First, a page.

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In our preceding article we began calling attention to the doctrine of Semi-Pelagianism. How true it is that the union of the Pelagian and Augustinian elements never really satisfies either the one interest or the other! Compromises never satisfy. And, as we noted in our preceding article, the view known as Semi-Pelagianism is really more dangerous than outright Pelagianism. Any attempt which takes off the sharp edges constitutes a sinister attack upon the fundamentals of the Word of God. It is well, therefore, that we pay attention to this doctrine known as Semi-Pelagianism and trace its historical development in the church of God. This is important because the enemies of the truth always resort to these tactics to introduce heresy and the lie into the Church of the living God. We are reminded, in this connection, of what we read inEph. 4:14-15: “That we henceforth be no more children, tossed to and fro, and carried about with every wind of doctrine, by the sleight of men, and cunning craftiness, whereby they lie in wait to deceive; But speaking the truth in love, may grow up into Him in all things, which is the head, even Christ.” How unmercifully the apostle here attacks the enemies of the truth. He declares of them that they introduce heresy with cunning craftiness, that they lie in wait to deceive, that all these winds of doctrine are by or “in” the sleight of men, born in, have their origin in this sleight of men, and this “sleight” of men means that these men gamble with the truth.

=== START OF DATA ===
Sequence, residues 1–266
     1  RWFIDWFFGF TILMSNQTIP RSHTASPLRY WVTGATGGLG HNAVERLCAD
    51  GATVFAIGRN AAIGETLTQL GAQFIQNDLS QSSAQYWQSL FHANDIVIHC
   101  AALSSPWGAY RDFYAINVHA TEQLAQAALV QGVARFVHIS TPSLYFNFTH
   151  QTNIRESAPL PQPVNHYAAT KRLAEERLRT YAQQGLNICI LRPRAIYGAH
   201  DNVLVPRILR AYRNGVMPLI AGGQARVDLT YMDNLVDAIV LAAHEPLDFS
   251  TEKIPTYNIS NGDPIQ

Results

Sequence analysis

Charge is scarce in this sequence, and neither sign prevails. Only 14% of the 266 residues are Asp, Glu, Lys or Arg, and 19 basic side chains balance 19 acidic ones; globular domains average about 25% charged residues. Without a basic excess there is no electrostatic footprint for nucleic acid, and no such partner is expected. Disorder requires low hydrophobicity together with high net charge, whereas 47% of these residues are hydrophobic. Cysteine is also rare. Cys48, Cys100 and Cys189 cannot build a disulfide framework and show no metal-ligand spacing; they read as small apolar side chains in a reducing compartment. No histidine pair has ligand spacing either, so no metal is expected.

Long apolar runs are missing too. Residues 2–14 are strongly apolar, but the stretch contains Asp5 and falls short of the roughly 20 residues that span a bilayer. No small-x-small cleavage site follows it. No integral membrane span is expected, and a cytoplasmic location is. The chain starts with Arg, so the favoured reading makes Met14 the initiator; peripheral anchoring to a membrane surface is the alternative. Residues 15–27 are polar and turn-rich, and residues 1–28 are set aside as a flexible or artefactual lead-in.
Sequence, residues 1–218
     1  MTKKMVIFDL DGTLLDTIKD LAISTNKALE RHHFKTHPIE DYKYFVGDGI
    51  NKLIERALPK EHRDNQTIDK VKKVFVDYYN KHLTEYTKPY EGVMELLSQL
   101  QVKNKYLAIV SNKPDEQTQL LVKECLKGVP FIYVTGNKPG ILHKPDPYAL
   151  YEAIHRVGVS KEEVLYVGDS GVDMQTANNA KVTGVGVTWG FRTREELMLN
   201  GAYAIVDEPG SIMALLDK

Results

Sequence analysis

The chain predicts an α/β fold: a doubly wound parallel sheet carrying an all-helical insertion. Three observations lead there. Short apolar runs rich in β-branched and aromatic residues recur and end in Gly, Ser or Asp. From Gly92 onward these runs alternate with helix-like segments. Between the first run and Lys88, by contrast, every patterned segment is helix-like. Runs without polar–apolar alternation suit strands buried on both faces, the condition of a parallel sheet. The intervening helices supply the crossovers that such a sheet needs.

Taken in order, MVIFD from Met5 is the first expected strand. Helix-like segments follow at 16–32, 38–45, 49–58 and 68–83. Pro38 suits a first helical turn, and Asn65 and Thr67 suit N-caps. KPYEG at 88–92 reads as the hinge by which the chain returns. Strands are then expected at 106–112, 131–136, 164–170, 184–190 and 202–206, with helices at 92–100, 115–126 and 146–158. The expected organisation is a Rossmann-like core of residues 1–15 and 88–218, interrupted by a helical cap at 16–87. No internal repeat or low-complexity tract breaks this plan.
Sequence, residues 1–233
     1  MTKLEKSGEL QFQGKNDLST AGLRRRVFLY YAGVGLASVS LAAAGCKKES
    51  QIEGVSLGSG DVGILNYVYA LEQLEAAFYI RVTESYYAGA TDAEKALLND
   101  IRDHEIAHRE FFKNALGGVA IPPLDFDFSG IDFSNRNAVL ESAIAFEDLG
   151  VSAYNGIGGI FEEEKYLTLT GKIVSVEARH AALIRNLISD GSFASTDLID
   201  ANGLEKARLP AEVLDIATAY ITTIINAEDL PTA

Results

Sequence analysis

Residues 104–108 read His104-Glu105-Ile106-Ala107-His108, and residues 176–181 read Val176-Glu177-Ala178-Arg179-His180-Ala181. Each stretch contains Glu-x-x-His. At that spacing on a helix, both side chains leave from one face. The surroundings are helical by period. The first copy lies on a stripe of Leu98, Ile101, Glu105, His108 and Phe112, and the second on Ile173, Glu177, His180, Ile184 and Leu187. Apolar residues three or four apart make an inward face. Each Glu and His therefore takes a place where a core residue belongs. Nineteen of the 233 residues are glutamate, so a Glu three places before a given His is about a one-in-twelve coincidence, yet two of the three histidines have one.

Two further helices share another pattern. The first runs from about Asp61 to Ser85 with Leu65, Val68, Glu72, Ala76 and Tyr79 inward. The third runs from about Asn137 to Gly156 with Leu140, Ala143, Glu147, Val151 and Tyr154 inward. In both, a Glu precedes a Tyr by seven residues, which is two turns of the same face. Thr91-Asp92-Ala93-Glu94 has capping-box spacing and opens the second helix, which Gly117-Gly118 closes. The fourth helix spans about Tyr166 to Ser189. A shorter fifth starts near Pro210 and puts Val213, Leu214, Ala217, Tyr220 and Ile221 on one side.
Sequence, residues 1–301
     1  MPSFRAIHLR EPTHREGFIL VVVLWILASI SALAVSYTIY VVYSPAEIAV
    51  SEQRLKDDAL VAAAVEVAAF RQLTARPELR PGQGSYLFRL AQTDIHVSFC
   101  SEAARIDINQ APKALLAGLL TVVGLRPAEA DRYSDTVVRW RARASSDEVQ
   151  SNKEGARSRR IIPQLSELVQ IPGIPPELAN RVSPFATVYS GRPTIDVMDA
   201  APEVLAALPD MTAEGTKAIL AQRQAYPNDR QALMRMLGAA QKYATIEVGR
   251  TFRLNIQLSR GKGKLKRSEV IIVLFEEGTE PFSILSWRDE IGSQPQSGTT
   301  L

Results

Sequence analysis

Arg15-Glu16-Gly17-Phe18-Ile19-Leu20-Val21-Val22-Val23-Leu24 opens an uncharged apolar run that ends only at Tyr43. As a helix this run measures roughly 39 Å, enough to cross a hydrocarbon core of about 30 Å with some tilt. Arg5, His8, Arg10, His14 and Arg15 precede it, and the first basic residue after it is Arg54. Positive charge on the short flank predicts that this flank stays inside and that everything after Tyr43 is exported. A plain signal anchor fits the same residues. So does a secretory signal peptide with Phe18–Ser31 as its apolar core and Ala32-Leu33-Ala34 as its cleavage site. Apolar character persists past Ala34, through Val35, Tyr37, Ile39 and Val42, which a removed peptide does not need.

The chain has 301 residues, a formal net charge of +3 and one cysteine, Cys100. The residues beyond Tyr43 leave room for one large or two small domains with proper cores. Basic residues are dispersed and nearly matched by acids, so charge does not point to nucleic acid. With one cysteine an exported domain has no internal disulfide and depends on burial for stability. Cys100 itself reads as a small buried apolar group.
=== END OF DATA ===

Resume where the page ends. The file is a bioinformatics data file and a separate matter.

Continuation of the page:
Calling attention to the main features of the origin and progress of this school, which produced this Semi-Pelagianism, Philip Schaff, in his History of the Christian Church, Vol. III, 859, ff., writes as follows:

The Pelagian system had been vanquished by Augustine, and rejected and condemned as heresy by the church. This result, however, did not in itself necessarily imply the complete approval of the Augustinian system. Many, even opponents of Pelagius recoiled from a position so wide of the older fathers as Augustine’s doctrines of the bondage of man and the absolute election of grace, and preferred a middle ground.